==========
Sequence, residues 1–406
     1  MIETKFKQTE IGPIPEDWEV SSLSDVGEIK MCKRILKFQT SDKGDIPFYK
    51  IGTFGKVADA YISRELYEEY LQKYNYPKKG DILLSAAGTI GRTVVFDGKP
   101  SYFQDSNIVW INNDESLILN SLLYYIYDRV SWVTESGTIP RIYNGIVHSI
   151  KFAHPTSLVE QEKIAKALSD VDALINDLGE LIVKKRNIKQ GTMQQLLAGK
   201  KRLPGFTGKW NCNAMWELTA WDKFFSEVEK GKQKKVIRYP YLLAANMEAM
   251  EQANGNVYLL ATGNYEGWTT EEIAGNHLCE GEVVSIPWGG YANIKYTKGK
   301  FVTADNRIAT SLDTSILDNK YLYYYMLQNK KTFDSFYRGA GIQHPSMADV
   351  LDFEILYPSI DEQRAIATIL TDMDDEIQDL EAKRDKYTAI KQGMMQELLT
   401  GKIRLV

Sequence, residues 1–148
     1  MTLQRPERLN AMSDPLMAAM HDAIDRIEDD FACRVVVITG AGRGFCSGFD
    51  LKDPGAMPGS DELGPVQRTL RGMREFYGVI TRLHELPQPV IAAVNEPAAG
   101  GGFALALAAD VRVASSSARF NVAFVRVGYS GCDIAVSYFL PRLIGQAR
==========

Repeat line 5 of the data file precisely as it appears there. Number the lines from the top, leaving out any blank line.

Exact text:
   151  KFAHPTSLVE QEKIAKALSD VDALINDLGE LIVKKRNIKQ GTMQQLLAGK